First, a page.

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This is my personal blog which I began in February 2001. I called it The Obvious? when I wrote anonymously and chose the name to reflect the fact I have to overcome my inhibitions about stating the obvious!

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« Wise words on using social tools in the enterprise | Main | Does technology lead change? »
Friday
Oct212011

Corporate permafrost

There tend to be three responses to the possibilities of using social tools inside organisations - enthusiasm, lack of interest, or resistance. Resistance is in part because those who exhibit it understand all too well what these tools are about. Even though they often don't use them, or in a conventional sense "understand them", they are uneasy about what they correctly intuit about their potential.

But this is not some sort of workers revolution. It is wrong to describe the appeal of social tools in business as bottom up. They can appeal as much to the middle and the top as they do to the bottom. In fact bottoms and tops don't matter - they are anachronistic concepts. The way to understand what is happening is to watch Occupy Wall Street and the other protests around the world. There is no one single clear demand, there is no overt leadership, there is not even a specific target. There is just a general and consensual feeling that things are not right and a willingness to do something about it. Even if that something isn't initially clear.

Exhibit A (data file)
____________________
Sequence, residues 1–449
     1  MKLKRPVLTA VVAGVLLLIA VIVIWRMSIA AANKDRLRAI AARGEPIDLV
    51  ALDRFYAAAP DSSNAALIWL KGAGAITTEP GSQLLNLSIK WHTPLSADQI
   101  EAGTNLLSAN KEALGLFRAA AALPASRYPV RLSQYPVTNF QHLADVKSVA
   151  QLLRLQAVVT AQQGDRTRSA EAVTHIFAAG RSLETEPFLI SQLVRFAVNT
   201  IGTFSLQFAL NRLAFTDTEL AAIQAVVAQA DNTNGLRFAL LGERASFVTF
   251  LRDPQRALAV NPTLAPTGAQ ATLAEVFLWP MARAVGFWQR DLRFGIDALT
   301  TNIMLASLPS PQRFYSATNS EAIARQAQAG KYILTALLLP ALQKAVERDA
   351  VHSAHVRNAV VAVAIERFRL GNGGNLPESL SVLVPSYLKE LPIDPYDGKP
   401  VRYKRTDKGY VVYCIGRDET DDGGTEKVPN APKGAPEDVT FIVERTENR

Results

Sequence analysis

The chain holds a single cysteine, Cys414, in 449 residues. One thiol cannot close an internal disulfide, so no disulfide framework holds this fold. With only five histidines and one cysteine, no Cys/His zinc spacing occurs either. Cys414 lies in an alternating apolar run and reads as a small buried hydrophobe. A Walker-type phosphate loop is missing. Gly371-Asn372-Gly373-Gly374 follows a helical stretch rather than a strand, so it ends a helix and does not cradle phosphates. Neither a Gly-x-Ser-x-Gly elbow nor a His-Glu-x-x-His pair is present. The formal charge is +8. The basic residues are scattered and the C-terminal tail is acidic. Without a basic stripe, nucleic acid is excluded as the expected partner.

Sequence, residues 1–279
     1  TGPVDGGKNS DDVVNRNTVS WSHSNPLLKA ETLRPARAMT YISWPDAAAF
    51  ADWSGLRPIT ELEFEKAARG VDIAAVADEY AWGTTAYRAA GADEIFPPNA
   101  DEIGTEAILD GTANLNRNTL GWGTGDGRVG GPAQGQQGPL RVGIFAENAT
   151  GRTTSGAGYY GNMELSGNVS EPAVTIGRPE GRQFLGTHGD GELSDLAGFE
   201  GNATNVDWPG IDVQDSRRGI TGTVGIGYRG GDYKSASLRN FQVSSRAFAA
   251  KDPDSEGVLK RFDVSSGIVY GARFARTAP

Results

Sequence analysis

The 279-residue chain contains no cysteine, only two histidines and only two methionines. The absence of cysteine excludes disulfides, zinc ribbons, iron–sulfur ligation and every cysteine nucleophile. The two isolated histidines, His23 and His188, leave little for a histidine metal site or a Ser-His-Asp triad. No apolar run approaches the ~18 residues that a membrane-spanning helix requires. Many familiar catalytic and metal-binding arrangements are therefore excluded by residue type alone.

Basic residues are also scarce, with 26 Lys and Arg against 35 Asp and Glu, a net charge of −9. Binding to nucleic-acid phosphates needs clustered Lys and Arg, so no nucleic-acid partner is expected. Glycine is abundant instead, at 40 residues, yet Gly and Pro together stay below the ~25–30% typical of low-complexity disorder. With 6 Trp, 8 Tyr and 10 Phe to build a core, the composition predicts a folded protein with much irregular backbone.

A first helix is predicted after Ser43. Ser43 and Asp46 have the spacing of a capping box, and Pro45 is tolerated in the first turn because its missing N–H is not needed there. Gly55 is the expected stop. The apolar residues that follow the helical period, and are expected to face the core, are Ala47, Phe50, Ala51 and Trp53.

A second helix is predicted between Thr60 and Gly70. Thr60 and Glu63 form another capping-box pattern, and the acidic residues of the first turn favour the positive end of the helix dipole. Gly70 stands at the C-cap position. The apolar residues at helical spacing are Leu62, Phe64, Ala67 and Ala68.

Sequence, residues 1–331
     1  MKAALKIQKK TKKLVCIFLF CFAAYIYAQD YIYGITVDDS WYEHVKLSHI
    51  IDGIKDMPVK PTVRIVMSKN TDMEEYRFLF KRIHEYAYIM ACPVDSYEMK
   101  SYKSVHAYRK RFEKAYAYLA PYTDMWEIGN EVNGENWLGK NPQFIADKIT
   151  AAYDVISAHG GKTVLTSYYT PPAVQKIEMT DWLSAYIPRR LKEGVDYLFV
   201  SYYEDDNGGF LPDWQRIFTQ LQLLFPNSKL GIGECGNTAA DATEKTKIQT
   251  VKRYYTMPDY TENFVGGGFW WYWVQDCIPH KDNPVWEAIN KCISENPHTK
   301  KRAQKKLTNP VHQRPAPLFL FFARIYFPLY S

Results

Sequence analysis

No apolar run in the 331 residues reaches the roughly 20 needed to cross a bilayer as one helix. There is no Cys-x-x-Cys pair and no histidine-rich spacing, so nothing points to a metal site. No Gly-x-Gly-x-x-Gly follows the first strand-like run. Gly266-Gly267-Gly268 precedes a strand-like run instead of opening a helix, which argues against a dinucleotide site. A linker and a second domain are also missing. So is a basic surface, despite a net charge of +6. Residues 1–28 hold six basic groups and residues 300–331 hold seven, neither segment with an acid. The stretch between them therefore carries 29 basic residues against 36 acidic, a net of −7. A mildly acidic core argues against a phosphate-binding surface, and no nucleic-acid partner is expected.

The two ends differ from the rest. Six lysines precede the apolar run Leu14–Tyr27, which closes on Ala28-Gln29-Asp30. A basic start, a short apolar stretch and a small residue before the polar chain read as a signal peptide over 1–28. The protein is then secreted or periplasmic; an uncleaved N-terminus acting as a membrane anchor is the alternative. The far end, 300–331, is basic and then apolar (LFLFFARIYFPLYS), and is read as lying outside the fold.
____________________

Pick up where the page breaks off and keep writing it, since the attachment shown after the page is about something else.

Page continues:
Those in conventional positions of power struggle with this. Watching the media trying to cover the Arab Spring when there were no leaders to interview was fascinating. Paul Mason has a great post about the underlying nature of what is happening. It is decentralised rather than anarchic, purposeful rather than pointless, not organised but not chaotic. He talks about OWS being a reaction to "economic permafrost". Maybe what those in business who ban the social web are resisting is the thawing of corporate permafrost?

Reader Comments (6)

I was really impressed by the presentation from Andrew Smith of the F.A. at SoCon 2011. To me, it is a really great representation of what can be done within a conservative organisation to engage a huge public on many levels.

As for the Arab Spring, I had hope and so did my friends in the region. That hope seems to be dwindling as the new incumbents try to get traction. The unknown is a scary place - under Sadat and Mubarak Copts felt marginalised but now they feel a greater threat. In Libya, the repressive "coherence" of Gaddhafi is now about to give way to factionalism/tribalism. As for Syria, I was not prepared for the brutality of the army even through I heard many stories whilst in Lebanon - who knows how that will turn out. Not that I am advocating political permafrost but I wonder how much the chaos of now will turn into a better tomorrow for the ordinary person. Here's recent source I stumbled upon http://is.gd/t0u5uB.